NAM & NAM
If an invention subject to confirmation is identical to a later-registered patent, a request for a scope confirmation trial will be considered improper as this could result in the later-registered patent's validity being denied without it being subject to an invalidity trial. However, the Patent Court recently ruled that if the IP Trial and Appeal Board ex officio dismisses a scope confirmation trial for this reason but fails to give the parties an opportunity to submit an opinion, such decision would be a procedural violation.
According to a Korean Intellectual Property Office (KIPO) press release, the number of reports concerning online counterfeits has increased by 204.4% year-on-year following the increase in online shopping during the COVID-19 pandemic. In response, KIPO has devised a number of measures to more effectively combat the rapidly increasing online distribution of counterfeit products while minimising damage to consumers.
According to the doctrine of equivalents, even when an accused invention includes a modified element in contrast with the elements in the patented claim, if they are practically equivalent, the accused invention infringes the patented invention. Despite court rulings which make it possible for patents to be protected according to the real value of the invention, there is arguably increased uncertainty about the possibility for equivalent infringement.
The Korean Intellectual Property Office (KIPO) operates a special judicial police (SJP) unit under which officials belonging to the KIPO can take charge of criminal cases relating to the infringement of IP rights. Over the past decade, the SJP has handled approximately 45,000 cases, close to 3,500 criminal charges have been made and approximately 12 million counterfeit products have been confiscated.
Recent amendments to the Trademark Act and the Design Protection Act have added support for treble damages in certain infringement scenarios. These amendments follow similar changes to the Patent Act and the Unfair Competition Prevention and Trade Secret Protection Act relating to wilful patent infringement and trade secret misappropriation which came into effect in July 2019. This article examines the amendments in detail.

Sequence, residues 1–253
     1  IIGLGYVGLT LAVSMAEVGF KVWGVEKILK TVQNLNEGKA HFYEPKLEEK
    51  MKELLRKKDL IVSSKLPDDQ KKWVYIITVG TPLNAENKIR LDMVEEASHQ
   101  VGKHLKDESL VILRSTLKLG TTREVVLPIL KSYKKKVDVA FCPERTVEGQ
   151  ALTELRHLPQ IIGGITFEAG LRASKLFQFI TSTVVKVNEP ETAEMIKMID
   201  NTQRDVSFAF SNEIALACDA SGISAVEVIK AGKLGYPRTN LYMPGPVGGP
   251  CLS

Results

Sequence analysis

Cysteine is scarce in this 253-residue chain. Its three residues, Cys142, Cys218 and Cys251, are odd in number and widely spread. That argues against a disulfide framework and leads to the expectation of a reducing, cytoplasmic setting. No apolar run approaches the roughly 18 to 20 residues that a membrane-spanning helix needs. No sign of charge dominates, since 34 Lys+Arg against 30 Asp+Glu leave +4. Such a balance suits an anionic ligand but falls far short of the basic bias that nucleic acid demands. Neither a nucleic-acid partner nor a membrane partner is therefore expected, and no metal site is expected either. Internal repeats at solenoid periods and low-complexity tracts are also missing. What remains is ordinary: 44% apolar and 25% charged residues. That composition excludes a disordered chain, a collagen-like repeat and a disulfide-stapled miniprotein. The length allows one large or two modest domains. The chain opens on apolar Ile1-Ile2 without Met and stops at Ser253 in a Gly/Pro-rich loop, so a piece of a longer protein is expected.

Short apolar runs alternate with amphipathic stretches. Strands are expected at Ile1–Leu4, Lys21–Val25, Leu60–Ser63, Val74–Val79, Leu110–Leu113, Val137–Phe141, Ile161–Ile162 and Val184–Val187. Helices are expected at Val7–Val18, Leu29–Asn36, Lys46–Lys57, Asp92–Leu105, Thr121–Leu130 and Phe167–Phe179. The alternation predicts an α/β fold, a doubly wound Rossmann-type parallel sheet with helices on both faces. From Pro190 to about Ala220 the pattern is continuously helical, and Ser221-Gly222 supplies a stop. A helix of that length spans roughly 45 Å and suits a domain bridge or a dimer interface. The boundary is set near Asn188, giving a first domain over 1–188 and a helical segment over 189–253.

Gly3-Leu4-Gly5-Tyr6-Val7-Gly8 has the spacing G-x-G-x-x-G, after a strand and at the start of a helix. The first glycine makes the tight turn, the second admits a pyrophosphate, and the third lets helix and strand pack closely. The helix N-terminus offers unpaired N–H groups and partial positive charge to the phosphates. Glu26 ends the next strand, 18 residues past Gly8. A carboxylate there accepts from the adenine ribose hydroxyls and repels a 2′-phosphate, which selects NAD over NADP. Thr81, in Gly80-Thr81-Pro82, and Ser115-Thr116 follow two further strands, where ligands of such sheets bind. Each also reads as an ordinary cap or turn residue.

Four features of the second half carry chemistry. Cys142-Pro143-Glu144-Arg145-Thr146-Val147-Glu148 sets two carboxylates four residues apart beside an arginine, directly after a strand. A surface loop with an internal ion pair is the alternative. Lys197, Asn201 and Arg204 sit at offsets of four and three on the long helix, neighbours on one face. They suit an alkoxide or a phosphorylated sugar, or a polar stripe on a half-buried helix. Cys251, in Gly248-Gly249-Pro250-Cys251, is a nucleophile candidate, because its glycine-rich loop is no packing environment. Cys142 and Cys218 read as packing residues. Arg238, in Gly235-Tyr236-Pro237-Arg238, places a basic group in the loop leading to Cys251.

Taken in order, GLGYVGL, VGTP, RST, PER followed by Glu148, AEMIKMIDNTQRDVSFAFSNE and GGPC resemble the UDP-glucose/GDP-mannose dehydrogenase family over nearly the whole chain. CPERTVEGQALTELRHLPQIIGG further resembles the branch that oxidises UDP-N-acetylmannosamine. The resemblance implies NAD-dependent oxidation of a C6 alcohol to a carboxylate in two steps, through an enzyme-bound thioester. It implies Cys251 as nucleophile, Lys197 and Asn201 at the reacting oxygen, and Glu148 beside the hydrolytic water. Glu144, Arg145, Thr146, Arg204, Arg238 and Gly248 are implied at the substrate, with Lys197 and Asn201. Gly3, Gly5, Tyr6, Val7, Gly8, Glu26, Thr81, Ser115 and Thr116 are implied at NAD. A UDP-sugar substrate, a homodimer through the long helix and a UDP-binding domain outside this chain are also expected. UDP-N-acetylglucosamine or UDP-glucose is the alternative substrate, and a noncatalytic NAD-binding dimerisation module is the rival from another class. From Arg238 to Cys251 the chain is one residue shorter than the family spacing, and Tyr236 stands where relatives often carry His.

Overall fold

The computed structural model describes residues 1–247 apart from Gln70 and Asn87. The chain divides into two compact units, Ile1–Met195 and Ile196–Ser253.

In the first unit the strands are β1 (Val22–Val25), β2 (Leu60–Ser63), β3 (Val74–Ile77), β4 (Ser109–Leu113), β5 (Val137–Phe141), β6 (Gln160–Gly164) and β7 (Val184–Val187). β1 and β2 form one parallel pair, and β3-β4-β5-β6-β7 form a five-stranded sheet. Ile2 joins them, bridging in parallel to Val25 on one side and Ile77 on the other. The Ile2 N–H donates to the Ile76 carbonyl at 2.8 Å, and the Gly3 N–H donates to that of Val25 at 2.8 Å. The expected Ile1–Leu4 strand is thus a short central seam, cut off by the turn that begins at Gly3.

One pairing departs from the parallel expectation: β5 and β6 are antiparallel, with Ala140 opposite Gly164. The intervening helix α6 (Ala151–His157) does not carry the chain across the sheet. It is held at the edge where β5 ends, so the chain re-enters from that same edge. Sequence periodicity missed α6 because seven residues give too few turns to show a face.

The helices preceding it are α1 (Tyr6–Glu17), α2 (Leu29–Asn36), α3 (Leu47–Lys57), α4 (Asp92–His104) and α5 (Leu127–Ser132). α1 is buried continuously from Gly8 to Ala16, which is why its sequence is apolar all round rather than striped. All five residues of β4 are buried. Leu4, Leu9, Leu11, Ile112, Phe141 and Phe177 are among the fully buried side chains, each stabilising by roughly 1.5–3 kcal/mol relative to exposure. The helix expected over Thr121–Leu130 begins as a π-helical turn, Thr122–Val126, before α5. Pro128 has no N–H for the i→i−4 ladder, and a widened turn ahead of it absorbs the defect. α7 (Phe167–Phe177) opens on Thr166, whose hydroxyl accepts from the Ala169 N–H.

This article compares the patent registration rates by technology field in South Korea with the other IP5 jurisdictions (ie, the United States Patent and Trademark Office, the European Patent Office, the Japan Patent Office and the State Intellectual Property Office of the People's Republic of China) and also looks at the systems which may be used to establish a patent portfolio, with a comparison with the United States in particular.
When determining the similarity of designs, how is a court's judgment affected when a design element has commonality with a functional element? A recent Supreme Court decision allows some insight into this question. Per existing precedent, the Supreme Court ruled that where the common parts of compared designs are an intrinsic part of the product, or a basic or functional form of the design, such parts should be given low importance.
There is no obligation to mark IP rights on products in South Korea. Whether to do so is at the discretion of the IP owner and no direct negative legal consequences arise from a failure to indicate IP rights. Nevertheless, indicating IP rights does grant some legal benefits. Further, from a practical sense, it may be a useful advertisement or marketing tool. This article examines the risks and benefits of IP marking.
In South Korea, the low amount of damages awarded by the courts in patent infringement cases has long been criticised. To address this, a treble damages system (implemented in July 2019) and an improved method for calculating the amount of damages (to be implemented on 10 December 2020) have been introduced. This article looks at these changes in detail, as well as a proposed law revision to improve evidence collection.
Continuing the trend of relaxed requirements for design applications, the Enforcement Rules of the Design Protection Act have been further eased in several aspects. This article explains the changes which affect mixed drawing formats, font designs in the TrueType font format and further categories of design which will be eligible for partial examination from 1 December 2020.